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Gender: Male
Hometown: VA
Home country: USA
Current location: VA
Member since: 2003 before July 6th
Number of posts: 39,435

About Me

Blocked on Twitter by that rat bastard fuck @ggreenwald

Journal Archives

Ben Ray Luján named new head of DCCC

WASHINGTON (AP) — House Democratic leader Nancy Pelosi announced Monday that she had tapped Rep. Ben Ray Lujan to head the campaign committee and try to get the party back on track after a drubbing in midterm elections.

The 42-year-old Lujan, who would be the first Hispanic to hold the post, will succeed New York Rep. Steve Israel as chairman of the Democratic Congressional Campaign Committee.

The midterms of President Barack Obama's second term were widely expected to be tough for Democrats, but the party had an even tougher going as Republicans claimed a commanding majority and captured seats in typically favorable states such as New York, Illinois and Maine.

Democrats lost at least a dozen seats and Republicans should hold 246 in the next Congress, the most in nearly 70 years.

Lujan told reporters at a news conference that the 2016 presidential election year should be more favorable.

"We will be on the offensive to put the majority in play," he said.


Virginia woman accused of attempting to aid Islamic State

Federal authorities have arrested and charged a Henrico County, Va., woman who they say wrote Facebook posts supportive of the Islamic State and offered to help someone connect with the terrorist group in Syria, court documents show.

Heather Elizabeth Coffman, 29, is charged with making a false statement regarding an offense involving international or domestic terrorism. Coffman, it seems, was caught in a sting and unknowingly offered to help an undercover FBI agent connect someone with the Islamic State in Syria, according to a federal affidavit. Authorities say she lied to investigators who were looking into her support of the extremist group.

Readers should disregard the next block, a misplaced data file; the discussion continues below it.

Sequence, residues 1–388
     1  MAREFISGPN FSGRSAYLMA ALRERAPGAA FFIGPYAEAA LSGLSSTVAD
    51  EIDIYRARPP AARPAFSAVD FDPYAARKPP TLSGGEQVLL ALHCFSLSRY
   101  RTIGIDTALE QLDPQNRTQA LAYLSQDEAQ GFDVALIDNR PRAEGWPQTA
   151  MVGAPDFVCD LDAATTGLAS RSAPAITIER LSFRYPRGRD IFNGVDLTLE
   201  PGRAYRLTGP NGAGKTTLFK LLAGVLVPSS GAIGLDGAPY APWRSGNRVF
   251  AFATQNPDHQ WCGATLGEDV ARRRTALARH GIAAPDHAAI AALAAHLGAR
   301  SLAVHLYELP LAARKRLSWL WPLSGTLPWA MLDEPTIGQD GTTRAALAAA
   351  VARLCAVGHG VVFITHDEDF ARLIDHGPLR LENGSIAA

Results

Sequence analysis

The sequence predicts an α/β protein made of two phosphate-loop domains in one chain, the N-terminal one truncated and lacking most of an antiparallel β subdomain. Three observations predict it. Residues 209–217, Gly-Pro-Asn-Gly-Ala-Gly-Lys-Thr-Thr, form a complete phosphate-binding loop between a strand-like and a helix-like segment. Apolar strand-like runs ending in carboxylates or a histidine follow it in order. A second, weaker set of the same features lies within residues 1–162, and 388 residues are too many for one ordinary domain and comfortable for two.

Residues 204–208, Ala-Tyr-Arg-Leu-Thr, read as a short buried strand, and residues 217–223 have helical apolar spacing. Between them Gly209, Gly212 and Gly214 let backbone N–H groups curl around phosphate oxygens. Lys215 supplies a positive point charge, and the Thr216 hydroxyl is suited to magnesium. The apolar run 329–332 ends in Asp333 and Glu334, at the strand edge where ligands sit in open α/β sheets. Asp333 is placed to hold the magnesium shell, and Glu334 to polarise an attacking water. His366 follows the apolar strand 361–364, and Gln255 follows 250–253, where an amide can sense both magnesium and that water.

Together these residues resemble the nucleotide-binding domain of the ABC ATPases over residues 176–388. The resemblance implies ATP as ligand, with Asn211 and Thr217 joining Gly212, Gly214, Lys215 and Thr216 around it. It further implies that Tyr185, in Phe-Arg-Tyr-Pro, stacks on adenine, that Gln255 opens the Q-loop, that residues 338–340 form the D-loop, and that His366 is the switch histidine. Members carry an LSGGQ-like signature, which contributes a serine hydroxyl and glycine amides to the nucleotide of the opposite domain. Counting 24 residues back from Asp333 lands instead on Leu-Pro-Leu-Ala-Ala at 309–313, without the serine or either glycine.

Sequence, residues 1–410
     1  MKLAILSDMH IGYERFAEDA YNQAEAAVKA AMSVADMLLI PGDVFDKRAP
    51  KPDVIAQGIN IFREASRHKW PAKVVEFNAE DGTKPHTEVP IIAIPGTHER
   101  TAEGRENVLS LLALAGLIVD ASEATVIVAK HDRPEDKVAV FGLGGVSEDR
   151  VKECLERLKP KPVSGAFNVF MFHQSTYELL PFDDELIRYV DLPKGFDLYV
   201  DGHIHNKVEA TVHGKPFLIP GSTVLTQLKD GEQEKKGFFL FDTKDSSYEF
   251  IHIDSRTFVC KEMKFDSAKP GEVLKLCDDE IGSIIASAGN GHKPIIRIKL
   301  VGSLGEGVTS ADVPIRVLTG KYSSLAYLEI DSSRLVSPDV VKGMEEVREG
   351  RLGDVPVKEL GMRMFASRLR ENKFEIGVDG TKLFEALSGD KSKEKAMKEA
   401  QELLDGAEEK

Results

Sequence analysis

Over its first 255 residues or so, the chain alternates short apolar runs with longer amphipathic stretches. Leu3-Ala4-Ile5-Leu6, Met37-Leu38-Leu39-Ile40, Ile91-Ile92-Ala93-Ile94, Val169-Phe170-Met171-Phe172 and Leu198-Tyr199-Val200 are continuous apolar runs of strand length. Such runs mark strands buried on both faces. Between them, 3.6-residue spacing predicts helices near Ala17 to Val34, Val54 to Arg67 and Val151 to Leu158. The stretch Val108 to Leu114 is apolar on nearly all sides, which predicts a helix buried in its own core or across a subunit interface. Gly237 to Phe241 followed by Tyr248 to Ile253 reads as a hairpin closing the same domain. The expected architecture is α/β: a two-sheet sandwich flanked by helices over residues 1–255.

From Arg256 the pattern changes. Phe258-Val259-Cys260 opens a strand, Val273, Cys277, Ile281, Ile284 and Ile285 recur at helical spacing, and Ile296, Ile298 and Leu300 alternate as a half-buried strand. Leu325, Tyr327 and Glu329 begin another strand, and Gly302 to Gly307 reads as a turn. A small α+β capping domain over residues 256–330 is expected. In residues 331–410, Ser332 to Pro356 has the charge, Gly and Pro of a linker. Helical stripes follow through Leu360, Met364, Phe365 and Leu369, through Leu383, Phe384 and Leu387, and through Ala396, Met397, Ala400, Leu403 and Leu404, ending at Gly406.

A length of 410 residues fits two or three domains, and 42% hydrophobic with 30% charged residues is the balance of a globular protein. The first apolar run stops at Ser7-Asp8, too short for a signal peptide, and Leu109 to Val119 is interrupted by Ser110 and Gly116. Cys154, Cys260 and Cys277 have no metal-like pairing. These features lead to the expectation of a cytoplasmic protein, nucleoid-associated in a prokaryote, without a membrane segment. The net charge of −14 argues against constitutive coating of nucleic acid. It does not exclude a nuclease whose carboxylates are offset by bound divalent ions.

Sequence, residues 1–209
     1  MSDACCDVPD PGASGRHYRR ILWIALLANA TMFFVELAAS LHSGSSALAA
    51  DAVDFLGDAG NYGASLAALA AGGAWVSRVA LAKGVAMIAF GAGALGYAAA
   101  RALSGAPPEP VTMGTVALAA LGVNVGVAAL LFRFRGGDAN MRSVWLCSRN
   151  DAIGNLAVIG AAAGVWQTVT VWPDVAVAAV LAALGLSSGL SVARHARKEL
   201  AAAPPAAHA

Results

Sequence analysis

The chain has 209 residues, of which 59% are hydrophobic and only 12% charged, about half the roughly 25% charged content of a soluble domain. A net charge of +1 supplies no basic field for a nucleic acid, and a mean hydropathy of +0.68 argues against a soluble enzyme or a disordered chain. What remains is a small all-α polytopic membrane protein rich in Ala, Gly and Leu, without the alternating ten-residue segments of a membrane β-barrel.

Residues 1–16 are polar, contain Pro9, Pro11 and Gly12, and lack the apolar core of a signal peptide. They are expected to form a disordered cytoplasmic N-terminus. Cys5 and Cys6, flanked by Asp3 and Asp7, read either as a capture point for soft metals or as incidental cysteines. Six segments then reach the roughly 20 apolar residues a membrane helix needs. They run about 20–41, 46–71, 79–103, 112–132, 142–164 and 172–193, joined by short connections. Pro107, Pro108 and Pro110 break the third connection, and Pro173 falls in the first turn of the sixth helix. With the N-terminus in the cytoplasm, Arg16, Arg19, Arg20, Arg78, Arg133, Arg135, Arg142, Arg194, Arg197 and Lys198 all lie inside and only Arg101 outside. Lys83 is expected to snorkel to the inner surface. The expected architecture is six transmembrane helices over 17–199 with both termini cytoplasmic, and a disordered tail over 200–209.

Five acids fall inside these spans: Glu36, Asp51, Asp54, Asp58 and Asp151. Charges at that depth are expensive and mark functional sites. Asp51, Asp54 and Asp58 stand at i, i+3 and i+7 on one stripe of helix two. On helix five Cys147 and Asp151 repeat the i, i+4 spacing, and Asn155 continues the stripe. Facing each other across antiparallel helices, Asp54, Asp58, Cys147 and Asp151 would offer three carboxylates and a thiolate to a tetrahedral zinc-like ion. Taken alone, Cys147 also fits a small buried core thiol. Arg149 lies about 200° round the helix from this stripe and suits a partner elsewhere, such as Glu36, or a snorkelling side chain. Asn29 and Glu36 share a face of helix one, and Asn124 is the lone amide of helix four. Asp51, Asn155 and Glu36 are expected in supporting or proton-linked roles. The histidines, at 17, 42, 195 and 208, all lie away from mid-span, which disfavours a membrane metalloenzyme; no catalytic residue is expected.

The case seems to be another example of the Islamic State’s robust presence on social media and the influence it is having on Americans. Two months ago, a 19-year-old from suburban Denver pleaded guilty to trying to help the terrorist organization after she tried to board a flight to reach Turkey. She reportedly was trying to connect with a man she met online. And last month, three teenage girls from the Denver area were detained at an airport in Germany and questioned about possibly trying to join the Islamic State. A school official said the girls were victims of an “online predator.”

It is unclear what cultivated Coffman’s interest in the Islamic State or whether she possessed the means to connect anyone with the group.

Mark Henry Schmidt, Coffman’s defense attorney, said the young woman was born and raised in the United States, lived with her parents and cared for her 7-year-old child. He said that he was unaware of any tangible foreign connection, and initially the case seemed to him one of “Facebook going badly.”


Senate to debate S. 2520: FOIA Improvement Act of 2014 on Thursday




Why you can't read our website in China anymore...

When Internet users in China fire up TheAtlantic.com, check out product specifications on Sony Mobile, or add a Firefox plugin, well, too bad. The Chinese authorities have blocked those and thousands of other sites—and just as the People’s Republic hosts the World Internet Conference, to boot. All of these have one thing in common: They use edgecastcdn.net, the content-delivery network (CDN) of Verizon’s EdgeCast, says Greatfire.org, a group that promotes Chinese Internet freedom.